Andrew Sullivan has a longish cover story in Newsweek arguing that both conservatives and liberals attack Barack Obama in dumb ways. Conservatives are convinced he’s a fire-breathing socialist out to destroy capitalism and appease our foreign enemies at every turn. This is little short of deranged, and Sullivan does a nice job of taking it apart.
Likewise, the progressive base convinced itself early on that Obama was a committed leftist and has since excoriated him for selling out now that he’s in office. But I agree with Sullivan: Obama simply never sold himself that way. He was, from Day One, a pragmatic, cautious, mainstream Democrat, and anyone watching the 2008 campaign with both eyes open should have understood that. He may be less liberal than a lot of us would like, but anyone who’s disappointed because he turned out not to be the second coming of FDR was just deluding themselves from the start.
But Sullivan loses me here:
By misunderstanding Obama’s strategy and temperament and persistence, by grandstanding on one issue after another, by projecting unrealistic fantasies onto a candidate who never pledged a liberal revolution, [liberals] have failed to notice that from the very beginning, Obama was playing a long game. He did this with his own party over health-care reform. He has done it with the Republicans over the debt. He has done it with the Israeli government over stopping the settlements on the West Bank—and with the Iranian regime, by not playing into their hands during the Green Revolution, even as they gunned innocents down in the streets. Nothing in his first term—including the complicated multiyear rollout of universal health care—can be understood if you do not realize that Obama was always planning for eight years, not four.
This is sort of a watered-down version of the 11-dimensional chess hosannas that deservedly got a lot of mockery back in the day. But it wasn’t true of Obama then (both his campaign and governing strategies have been fairly straightforward) and it’s not necessary to explain anything now.
Why was Obama so conciliatory toward the Republican Party early on? It has nothing to do with long-term strategy. It’s because he needed at least two or three Republican votes in the Senate to pass anything, and if he’d been a fire-breathing partisan from the start he wouldn’t have gotten them. He went down this road partly out of native temperament and partly because he didn’t really have any choice.
Why did health care reform take so long? Not because of any clever strategy on Obama’s part. It was because, right or wrong, he made a rational calculation not to repeat Bill Clinton’s mistakes. So instead of pushing a plan of his own, he let Congress take the lead. And Congress decided to move very, very slowly.
Why was Obama’s reponse to the financial crisis basically pretty centrist? Again, not because of any long game. More likely, it’s because Obama himself is genuinely fairly centrist and business oriented when it comes to financial policy.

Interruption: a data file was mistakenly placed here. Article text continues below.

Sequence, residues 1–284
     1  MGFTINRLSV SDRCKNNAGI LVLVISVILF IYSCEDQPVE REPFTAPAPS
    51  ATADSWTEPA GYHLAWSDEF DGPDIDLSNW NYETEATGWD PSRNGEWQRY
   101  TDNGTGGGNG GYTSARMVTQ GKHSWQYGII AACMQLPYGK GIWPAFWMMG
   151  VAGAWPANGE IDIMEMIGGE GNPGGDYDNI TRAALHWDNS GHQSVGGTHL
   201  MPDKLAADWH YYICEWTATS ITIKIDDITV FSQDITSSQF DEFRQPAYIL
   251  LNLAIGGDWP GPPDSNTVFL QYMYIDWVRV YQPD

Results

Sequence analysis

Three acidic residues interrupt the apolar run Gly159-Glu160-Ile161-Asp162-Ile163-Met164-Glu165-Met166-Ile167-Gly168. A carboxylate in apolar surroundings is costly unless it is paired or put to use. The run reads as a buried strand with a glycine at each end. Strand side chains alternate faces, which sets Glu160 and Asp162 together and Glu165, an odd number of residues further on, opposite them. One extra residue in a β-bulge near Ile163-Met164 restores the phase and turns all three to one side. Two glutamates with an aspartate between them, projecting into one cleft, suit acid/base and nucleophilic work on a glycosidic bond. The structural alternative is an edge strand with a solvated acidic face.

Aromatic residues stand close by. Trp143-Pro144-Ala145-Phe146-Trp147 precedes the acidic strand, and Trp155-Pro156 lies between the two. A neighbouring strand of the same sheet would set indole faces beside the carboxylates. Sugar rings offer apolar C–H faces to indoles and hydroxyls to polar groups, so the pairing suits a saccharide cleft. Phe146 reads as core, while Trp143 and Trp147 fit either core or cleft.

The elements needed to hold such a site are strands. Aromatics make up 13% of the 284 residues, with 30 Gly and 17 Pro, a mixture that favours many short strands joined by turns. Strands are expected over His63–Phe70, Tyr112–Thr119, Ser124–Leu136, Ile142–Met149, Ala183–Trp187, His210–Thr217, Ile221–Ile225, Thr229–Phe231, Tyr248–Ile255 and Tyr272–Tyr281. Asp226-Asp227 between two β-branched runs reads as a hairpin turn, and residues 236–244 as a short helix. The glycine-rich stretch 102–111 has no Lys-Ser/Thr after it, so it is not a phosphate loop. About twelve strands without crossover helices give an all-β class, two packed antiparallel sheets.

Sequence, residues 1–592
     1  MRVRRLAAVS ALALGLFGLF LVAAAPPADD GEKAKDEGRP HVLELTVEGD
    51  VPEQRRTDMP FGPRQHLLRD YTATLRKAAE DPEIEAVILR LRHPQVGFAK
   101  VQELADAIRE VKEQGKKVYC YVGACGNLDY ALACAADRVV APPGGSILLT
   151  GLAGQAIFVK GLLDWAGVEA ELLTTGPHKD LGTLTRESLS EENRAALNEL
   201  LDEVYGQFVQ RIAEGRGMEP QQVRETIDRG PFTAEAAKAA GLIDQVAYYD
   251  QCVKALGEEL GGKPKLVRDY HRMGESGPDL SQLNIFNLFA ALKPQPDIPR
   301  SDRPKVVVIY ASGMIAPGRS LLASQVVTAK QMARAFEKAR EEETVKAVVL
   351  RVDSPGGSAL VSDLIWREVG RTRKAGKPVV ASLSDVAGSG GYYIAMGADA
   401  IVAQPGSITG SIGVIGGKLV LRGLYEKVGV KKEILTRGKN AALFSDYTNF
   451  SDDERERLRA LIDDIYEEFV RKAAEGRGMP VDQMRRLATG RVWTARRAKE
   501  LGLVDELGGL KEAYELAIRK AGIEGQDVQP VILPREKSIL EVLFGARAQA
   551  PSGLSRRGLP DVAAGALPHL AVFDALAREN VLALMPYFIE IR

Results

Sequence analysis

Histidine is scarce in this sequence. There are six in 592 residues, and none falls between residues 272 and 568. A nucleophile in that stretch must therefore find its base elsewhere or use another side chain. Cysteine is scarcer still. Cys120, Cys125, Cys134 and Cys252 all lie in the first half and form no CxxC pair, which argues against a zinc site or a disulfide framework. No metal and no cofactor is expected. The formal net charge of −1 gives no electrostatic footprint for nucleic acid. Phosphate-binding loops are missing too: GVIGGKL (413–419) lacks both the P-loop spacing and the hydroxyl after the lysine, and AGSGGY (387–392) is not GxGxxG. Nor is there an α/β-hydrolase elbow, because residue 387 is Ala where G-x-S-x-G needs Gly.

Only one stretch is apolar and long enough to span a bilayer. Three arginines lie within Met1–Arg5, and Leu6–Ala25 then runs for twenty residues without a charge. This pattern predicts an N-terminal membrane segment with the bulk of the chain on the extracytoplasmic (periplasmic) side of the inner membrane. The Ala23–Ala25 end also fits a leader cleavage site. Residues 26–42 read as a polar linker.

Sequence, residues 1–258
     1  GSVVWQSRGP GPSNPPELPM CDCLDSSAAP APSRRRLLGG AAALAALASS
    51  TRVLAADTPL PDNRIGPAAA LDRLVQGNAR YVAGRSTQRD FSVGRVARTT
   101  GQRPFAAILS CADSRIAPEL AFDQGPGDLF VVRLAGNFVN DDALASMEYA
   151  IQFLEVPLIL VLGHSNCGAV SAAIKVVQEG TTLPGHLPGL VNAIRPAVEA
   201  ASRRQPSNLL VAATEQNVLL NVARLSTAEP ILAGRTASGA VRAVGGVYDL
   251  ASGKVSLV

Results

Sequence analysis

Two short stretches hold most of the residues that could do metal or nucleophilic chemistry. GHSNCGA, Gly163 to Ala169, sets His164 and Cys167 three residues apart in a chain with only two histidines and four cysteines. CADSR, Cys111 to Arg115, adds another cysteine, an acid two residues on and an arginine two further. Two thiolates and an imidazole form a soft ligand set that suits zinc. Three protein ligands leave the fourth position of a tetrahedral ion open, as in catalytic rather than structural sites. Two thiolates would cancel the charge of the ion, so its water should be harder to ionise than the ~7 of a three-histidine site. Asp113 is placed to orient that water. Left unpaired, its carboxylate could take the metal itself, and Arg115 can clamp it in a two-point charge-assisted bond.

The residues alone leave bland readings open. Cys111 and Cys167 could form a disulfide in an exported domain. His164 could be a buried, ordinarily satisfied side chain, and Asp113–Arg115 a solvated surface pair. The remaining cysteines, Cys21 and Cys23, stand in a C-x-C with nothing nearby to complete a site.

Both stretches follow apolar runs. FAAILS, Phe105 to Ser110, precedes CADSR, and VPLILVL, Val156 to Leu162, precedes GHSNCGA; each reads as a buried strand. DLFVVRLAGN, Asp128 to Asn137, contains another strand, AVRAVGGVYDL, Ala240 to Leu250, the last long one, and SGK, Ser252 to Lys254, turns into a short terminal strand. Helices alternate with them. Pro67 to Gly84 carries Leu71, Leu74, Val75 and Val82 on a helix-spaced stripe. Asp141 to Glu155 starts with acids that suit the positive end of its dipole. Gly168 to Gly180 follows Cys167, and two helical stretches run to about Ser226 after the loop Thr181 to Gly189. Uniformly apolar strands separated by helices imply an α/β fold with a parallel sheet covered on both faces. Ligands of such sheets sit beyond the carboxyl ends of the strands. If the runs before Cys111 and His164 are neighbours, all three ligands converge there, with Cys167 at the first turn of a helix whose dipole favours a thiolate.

What explains Obama’s strategy toward Israel and its West Bank settlements? I’m not even sure what the argument for a long game is here. The more prosaic—and probably correct—explanation is that Obama failed. He tried to press Netanyahu on the settlements because he thought he had the leverage to make him listen. He turned out to be wrong, plain and simple.
Why is Obama now taking a harder, more partisan approach toward his GOP adversaries? Not because he was cleverly playing with them for three years and is now reaping the rewards of an electorate convinced that Republicans are hopelessly obstructionist. In fact, surveys don’t suggest that public opinion has moved much in Obama’s direction at all. Rather, he’s doing it because it’s an election year. It’s now time for contrast, not compromise. This is Campaigning 101.
There are a few examples where I think Obama has indeed played a deliberately patient game that’s paid off. Don’t Ask, Don’t Tell is one: Doing it his way made repeal far less divisive and far more permanent than if he’d tried to hurry it through. Likewise, his policy toward Iran has been deliberately devised to demonstrate that he’s trying his best to be reasonable and is only tightening sanctions as a last resort. This has successfully kept China and Russia from being obstructionist and produced a better, more global sanctions regime than he otherwise would have gotten.
But these are the exceptions, not the rule. For the most part, Obama’s actions can be explained without resort to mysterious and ulterior motives. He’s done what he’s done sometimes out of native temperament, sometimes out of straightforward political calculation, sometimes out of plain misjudgment, and sometimes because he genuinely has more centrist views than his critics want to believe. More than with most presidents, I think that with Obama, what you see is what you get. He’s just not that hard a guy to explain.